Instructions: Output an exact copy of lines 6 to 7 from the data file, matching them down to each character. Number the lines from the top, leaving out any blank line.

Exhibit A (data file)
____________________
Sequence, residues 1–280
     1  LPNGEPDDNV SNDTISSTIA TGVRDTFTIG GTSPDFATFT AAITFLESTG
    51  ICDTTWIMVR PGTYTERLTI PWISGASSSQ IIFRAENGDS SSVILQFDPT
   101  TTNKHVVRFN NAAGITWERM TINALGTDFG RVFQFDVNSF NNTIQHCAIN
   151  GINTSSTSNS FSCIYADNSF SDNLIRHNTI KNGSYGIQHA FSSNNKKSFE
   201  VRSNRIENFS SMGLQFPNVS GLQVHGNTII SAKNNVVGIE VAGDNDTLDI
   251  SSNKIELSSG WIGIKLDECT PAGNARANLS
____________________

   201  VRSNRIENFS SMGLQFPNVS GLQVHGNTII SAKNNVVGIE VAGDNDTLDI
   251  SSNKIELSSG WIGIKLDECT PAGNARANLS